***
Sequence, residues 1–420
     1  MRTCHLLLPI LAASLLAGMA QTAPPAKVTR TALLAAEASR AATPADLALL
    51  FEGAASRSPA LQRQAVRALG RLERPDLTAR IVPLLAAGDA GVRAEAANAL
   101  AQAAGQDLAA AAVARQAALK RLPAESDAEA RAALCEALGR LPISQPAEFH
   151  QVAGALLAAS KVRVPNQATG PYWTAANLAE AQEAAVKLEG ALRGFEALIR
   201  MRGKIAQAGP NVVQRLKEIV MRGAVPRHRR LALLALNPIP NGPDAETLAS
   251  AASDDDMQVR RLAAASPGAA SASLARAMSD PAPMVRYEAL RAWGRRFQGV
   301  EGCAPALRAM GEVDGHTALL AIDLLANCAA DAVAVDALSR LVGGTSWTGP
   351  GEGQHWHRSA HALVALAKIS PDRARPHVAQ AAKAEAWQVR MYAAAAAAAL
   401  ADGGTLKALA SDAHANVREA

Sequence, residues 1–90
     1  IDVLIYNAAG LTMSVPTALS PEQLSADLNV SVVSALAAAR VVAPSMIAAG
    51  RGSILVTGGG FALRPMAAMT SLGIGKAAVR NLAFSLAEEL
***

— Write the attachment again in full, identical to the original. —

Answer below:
Sequence, residues 1–420
     1  MRTCHLLLPI LAASLLAGMA QTAPPAKVTR TALLAAEASR AATPADLALL
    51  FEGAASRSPA LQRQAVRALG RLERPDLTAR IVPLLAAGDA GVRAEAANAL
   101  AQAAGQDLAA AAVARQAALK RLPAESDAEA RAALCEALGR LPISQPAEFH
   151  QVAGALLAAS KVRVPNQATG PYWTAANLAE AQEAAVKLEG ALRGFEALIR
   201  MRGKIAQAGP NVVQRLKEIV MRGAVPRHRR LALLALNPIP NGPDAETLAS
   251  AASDDDMQVR RLAAASPGAA SASLARAMSD PAPMVRYEAL RAWGRRFQGV
   301  EGCAPALRAM GEVDGHTALL AIDLLANCAA DAVAVDALSR LVGGTSWTGP
   351  GEGQHWHRSA HALVALAKIS PDRARPHVAQ AAKAEAWQVR MYAAAAAAAL
   401  ADGGTLKALA SDAHANVREA

Sequence, residues 1–90
     1  IDVLIYNAAG LTMSVPTALS PEQLSADLNV SVVSALAAAR VVAPSMIAAG
    51  RGSILVTGGG FALRPMAAMT SLGIGKAAVR NLAFSLAEEL